doi:10.1371/journal.pntd.0001816.s005

(PDF)

Table S3.

Complete list of biological activities upregulated in LCL and ML groups. The biological activities were determined by Ingenuity Pathway Analysis and are ordered according to P-values range of the LCL group. LCL = Localized cutaneous leishmaniasis group. ML = Mucosal leishmaniasis group.

doi:10.1371/journal.pntd.0001816.s006

(PDF)

Table S4.

Biological events related to cancer in LCL and ML samples. The genes selected by Ingenuity Pathway Analysis and classified under the “cancer biological activity" were re-evaluated by DAVID bioinformatics source and grouped according to gene ontology (GO). The P-values were established by DAVID indicating the importance of the respective GO into the group of genes analyzed. Ratios indicate the proportion of genes observed in the studied samples within the total number of genes that take part in the analyzed event. LCL = Localized cutaneous leishmaniasis group. ML = Mucosal leishmaniasis group.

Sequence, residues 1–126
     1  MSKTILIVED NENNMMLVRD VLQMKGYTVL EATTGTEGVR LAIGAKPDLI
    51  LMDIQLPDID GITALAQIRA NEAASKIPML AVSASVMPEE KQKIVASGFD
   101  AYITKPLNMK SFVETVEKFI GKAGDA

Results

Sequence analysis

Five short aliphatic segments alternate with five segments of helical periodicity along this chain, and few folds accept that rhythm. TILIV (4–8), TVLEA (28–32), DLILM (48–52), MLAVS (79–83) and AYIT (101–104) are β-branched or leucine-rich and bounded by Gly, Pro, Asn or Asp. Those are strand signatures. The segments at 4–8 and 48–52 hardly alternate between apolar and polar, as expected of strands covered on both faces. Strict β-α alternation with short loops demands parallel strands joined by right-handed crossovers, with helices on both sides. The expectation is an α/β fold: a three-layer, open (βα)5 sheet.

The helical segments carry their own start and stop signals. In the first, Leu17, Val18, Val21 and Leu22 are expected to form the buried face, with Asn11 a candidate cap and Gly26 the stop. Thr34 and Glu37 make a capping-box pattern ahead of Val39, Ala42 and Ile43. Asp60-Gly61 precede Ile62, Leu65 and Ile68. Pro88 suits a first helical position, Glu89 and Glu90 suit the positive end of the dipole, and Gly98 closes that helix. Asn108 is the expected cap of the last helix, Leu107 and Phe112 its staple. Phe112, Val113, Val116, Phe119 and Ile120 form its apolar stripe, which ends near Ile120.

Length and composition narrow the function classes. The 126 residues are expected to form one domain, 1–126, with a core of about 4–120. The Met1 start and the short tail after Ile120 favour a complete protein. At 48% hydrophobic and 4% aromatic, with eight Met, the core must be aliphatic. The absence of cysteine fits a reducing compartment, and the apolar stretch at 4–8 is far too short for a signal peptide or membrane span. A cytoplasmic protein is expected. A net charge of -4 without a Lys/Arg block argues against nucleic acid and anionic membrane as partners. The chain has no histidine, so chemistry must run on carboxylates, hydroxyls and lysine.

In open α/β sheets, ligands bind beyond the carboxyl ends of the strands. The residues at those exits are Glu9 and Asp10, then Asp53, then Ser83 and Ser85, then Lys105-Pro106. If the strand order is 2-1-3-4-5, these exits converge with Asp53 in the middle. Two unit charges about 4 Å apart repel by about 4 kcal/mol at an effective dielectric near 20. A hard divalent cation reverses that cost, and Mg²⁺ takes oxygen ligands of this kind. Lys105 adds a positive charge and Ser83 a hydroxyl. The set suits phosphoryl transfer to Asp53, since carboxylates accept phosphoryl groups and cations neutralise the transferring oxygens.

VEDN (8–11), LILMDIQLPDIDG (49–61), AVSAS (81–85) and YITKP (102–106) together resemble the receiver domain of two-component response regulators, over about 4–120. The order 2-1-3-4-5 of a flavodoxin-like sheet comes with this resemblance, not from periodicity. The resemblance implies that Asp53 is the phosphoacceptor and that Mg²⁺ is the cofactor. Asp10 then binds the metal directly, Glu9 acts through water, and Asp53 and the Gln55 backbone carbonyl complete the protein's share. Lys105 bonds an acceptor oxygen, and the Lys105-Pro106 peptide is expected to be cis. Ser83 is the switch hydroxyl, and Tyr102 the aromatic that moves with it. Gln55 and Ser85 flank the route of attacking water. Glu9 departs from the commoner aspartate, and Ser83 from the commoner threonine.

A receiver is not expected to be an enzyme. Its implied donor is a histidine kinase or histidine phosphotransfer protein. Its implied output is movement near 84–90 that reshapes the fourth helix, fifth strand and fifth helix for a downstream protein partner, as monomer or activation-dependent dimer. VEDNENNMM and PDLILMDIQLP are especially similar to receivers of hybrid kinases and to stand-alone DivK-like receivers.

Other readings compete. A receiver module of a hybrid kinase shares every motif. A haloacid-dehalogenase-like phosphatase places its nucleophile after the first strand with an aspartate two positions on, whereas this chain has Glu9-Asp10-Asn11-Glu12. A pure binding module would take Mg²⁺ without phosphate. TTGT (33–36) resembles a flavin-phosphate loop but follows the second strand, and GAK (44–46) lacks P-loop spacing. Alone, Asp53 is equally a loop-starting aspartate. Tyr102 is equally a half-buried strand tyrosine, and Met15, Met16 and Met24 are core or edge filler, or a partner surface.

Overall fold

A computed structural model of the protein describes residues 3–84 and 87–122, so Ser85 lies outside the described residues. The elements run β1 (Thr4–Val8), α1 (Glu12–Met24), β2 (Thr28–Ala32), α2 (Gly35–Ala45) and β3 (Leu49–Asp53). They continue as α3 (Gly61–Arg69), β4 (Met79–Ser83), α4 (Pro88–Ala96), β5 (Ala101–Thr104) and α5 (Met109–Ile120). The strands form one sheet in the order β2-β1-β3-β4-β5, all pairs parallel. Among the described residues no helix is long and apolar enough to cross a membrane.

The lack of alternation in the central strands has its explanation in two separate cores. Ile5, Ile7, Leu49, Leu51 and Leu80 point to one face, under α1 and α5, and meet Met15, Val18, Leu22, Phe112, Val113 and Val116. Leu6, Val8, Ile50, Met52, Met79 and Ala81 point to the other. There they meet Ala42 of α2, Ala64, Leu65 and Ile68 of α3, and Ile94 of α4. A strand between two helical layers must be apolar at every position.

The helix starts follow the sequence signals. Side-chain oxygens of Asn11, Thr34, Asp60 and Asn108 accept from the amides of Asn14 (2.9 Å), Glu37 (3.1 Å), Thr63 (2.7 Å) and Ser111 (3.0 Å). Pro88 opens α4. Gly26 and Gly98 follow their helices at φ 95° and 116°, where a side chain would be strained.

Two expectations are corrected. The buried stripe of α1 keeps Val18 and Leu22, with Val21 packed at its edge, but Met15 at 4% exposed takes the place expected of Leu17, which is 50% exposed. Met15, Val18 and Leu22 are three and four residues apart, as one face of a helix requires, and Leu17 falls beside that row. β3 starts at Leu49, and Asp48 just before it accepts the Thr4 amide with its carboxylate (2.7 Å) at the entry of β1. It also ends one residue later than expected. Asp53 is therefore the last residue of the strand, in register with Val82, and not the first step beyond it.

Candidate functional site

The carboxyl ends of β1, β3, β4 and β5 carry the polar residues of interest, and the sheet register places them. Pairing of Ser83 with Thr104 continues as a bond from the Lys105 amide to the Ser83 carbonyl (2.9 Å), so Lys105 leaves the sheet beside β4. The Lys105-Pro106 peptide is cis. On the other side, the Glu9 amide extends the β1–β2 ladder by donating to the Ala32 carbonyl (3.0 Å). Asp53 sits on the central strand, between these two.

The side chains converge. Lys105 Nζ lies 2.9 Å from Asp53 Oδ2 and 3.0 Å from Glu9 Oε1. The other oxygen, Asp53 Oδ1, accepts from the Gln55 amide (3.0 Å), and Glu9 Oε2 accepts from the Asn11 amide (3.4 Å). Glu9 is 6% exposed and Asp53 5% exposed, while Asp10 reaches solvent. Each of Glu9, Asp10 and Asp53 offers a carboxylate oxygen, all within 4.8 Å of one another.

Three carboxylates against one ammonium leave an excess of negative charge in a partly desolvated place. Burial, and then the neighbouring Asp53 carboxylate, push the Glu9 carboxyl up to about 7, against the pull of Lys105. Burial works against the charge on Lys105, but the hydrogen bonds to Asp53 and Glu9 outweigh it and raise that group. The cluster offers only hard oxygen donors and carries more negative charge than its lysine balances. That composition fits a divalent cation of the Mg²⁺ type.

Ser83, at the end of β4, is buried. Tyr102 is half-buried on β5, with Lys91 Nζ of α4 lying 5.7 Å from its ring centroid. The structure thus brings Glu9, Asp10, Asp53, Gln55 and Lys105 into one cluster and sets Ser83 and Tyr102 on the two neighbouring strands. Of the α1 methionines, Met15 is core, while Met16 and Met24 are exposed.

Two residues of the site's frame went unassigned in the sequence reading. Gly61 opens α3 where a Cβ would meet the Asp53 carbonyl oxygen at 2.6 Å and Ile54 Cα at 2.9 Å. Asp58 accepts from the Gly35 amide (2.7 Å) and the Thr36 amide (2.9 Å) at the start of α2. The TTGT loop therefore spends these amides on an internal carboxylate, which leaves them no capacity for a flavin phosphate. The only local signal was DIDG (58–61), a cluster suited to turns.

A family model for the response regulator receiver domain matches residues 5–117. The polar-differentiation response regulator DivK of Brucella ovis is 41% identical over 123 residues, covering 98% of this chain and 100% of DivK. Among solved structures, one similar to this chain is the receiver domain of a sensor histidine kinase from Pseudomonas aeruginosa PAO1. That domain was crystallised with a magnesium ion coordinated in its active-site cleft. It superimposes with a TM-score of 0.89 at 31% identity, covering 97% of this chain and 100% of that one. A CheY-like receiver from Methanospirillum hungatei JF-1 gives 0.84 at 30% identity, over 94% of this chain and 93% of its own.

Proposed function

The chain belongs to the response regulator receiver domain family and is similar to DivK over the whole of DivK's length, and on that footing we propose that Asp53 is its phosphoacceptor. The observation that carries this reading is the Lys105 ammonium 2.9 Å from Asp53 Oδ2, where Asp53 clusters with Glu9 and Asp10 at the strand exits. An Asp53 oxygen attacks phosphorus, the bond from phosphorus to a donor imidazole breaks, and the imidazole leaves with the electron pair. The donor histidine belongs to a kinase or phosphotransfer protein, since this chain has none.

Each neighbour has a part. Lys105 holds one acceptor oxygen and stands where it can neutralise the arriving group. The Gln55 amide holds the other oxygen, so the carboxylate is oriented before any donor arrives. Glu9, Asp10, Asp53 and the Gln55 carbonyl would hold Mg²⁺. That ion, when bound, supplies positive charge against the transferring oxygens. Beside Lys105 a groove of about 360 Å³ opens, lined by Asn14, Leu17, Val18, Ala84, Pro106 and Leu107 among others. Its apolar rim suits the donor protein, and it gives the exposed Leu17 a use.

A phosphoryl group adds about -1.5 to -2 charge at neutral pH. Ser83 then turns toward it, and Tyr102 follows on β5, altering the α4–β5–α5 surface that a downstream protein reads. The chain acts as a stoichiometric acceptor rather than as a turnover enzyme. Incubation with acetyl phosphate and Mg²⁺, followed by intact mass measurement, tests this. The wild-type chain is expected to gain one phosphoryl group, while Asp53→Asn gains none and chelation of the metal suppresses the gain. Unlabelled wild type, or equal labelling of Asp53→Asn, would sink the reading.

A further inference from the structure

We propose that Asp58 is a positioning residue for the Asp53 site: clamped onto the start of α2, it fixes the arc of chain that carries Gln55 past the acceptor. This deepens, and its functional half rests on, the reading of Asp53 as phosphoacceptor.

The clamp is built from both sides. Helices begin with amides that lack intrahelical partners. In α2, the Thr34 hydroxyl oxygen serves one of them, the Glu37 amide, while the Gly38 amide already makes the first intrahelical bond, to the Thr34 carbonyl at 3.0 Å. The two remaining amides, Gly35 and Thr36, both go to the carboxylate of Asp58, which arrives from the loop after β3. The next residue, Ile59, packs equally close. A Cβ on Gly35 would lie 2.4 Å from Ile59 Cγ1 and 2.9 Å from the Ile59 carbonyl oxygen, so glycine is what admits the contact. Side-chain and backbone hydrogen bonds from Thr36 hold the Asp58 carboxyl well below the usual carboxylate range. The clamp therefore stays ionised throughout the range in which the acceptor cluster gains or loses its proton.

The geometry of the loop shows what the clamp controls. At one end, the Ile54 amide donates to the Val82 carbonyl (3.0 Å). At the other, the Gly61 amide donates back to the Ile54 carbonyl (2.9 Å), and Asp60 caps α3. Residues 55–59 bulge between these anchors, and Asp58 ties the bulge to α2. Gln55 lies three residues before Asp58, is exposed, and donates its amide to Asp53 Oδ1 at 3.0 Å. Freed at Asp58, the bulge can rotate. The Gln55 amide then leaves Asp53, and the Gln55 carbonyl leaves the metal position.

doi:10.1371/journal.pntd.0001816.s007

(PDF)

Table S5.

Biological events related to genetic disorders in LCL and ML samples. The genes selected by Ingenuity Pathway Analysis and classified within the “genetic disorders" biological activity were re-evaluated by DAVID bioinformatics source and grouped according to gene ontology (GO). The P-values were established by DAVID indicating the importance of the respective GO into the group of genes analyzed. Ratios indicate the proportion of genes observed in the studied samples within the total number of genes that take part in the analyzed event. LCL = Localized cutaneous leishmaniasis group. ML = Mucosal leishmaniasis group.